What Are Community Health Centres?
Marcy Cohen/Andrew Longhurst
March 1, 2019
Community Health Centres (CHCs) have been an effective but under-valued model for delivering primary health care for decades in Canada and the US.
One of the unique features of the model is its strong focus on the social determinants of health and preventing acute illness among groups who are more likely to experience poor health and suffer from chronic conditions, including low-income people, ethno-cultural communities, Indigenous peoples, and frail seniors.
So what are community health centres? CHCs are non-profit primary care organizations that provide integrated health care and social services, with a focus on addressing the social determinants of health. Five commonly accepted characteristics include:
- CHCs provide team-based inter-professional primary care that includes a range of health care and social service providers, including social workers, family physicians, nurse practitioners, nurses, dieticians, occupational therapists, clinical pharmacists, physiotherapists, respiratory therapists, cross-cultural health brokers, First Nations elders, mental health counsellors, and outreach workers, among others.
- CHCs integrate medical care, mental health and substance use services, health promotion and chronic disease management programs. Many CHCs also provide vision and dental care.
- CHCs are community-governed and responsive to the patients/members they serve. This means that they are legally established as non-profit societies or co-operatives and provide open membership to their patients (who are members of the organization). It also means that patient-members can participate on the board of directors and in other parts of the governance of the organization.
- CHCs actively address the social determinants of health such as poverty, access to housing, education, language barriers and other factors that have a direct impact on health. CHCs take an upstream approach intended to prevent illness and promote wellness.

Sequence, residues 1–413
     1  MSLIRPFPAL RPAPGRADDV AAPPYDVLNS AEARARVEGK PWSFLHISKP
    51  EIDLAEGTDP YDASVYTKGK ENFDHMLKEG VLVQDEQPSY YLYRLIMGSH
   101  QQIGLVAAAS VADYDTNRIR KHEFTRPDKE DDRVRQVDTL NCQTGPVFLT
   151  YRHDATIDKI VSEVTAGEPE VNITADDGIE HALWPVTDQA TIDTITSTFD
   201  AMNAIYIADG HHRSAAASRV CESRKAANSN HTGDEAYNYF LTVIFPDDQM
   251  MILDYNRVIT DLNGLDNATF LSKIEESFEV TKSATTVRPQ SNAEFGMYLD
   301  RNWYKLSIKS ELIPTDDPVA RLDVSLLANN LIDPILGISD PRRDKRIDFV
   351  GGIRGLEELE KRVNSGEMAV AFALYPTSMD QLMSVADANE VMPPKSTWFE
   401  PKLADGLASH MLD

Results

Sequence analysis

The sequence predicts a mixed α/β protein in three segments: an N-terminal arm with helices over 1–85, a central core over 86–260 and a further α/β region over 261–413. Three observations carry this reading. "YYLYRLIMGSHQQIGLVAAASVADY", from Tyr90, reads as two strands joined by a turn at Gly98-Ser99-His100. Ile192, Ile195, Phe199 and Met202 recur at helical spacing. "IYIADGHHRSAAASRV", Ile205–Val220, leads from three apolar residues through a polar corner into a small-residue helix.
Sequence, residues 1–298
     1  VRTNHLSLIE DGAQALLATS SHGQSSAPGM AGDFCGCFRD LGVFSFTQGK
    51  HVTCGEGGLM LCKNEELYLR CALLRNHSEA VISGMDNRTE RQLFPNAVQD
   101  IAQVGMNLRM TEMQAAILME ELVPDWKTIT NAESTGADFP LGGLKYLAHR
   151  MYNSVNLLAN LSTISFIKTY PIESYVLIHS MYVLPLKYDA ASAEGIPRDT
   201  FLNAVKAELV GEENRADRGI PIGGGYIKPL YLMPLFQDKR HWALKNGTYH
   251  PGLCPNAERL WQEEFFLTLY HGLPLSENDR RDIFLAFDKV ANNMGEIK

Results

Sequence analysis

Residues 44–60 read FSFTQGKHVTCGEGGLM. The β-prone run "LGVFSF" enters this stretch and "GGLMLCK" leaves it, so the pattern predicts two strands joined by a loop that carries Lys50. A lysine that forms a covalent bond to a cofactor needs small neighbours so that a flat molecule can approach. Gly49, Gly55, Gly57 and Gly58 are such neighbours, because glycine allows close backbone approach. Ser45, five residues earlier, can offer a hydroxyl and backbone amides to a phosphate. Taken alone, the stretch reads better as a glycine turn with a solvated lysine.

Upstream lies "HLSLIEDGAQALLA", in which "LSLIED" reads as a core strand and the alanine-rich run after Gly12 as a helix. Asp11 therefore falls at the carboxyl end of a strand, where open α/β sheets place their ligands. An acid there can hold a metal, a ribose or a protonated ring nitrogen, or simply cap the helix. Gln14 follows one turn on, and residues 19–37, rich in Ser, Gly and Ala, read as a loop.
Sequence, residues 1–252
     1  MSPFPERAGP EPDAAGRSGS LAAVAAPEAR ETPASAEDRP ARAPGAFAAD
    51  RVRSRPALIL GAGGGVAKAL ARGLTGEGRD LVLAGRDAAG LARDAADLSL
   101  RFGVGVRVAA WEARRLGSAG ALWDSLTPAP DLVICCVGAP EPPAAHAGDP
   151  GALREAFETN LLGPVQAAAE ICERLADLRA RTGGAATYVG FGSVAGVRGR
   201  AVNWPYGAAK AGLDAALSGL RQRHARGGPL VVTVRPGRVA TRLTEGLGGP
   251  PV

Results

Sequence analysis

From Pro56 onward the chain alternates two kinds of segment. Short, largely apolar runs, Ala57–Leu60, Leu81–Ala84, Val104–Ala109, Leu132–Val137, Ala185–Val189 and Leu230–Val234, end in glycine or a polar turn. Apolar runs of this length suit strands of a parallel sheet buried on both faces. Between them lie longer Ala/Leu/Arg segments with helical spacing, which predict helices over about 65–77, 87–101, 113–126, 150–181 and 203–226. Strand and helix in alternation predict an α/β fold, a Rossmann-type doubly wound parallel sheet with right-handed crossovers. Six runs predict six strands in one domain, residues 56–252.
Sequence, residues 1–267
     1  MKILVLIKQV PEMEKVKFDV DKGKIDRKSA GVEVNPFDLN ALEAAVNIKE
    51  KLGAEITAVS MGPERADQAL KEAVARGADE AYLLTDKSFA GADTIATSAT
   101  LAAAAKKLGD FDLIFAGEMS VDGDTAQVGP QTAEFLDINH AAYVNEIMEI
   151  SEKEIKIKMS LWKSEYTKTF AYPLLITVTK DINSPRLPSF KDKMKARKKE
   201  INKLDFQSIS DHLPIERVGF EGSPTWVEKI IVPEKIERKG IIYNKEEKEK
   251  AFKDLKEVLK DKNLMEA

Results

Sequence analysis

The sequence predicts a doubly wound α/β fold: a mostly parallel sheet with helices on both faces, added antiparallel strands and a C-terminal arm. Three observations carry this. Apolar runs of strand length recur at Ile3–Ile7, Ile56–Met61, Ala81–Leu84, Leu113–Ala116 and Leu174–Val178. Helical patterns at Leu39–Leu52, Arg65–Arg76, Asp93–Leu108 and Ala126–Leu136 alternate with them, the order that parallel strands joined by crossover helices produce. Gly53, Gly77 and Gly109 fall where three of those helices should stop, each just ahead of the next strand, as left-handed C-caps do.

- CHCs demonstrate commitment to health equity and social justice, and recognize that disparities in health status among the population are socially, economically, and institutionally structured—and that these disparities are avoidable and unfair. CHCs work to eliminate these health inequities through a community development approach and advocating for public policies that address the upstream determinants of health, including fair taxation, living wages, decent working conditions, safe and affordable housing and quality public services.
On February 1, 2019, the BC Health Coalition, Canadian Centre for Policy Alternatives, and Health Sciences Association of BC convened an invitational roundtable followed by a public talk in response to growing interest in the CHC model from communities across the province. That interest has also been taken up by government; in 2017, the NDP made an election campaign commitment to support the development of new (and existing) CHCs—a commitment that was re-affirmed in the new government’s May 2018 primary care directions.
Over 70 people from a broad range of community non-profit and health sector organizations participated in the roundtable including health professionals, immigrant and newcomer-serving organizations, the Ministry of Health, Divisions of Family Practice and Health Authority representatives, the First Nations Health Authority, seniors’ organizations, the BC Rural Health Network, and leaders from the CHC sector in BC. Participants heard how CHCs in Ontario, Saskatchewan, and Oregon provide responsive, team-based primary care that is community-led and that has proven very effective in addressing the unmet needs of vulnerable populations as well as the broader neighbourhoods and communities where they are situated (audio available below).
As BC moves to support a role for CHCs within a larger agenda for reforming primary care, what can we learn from other jurisdictions where CHCs are integrated into the broader primary care system? How can we support CHCs in BC to be leaders in improving the quality of care for the entire health system?
Find out more by clicking on: The importance of community health centres in BC’s primary care reforms: What the research tells us.
Marcy Cohen/Andrew Longhurst
March 1, 2019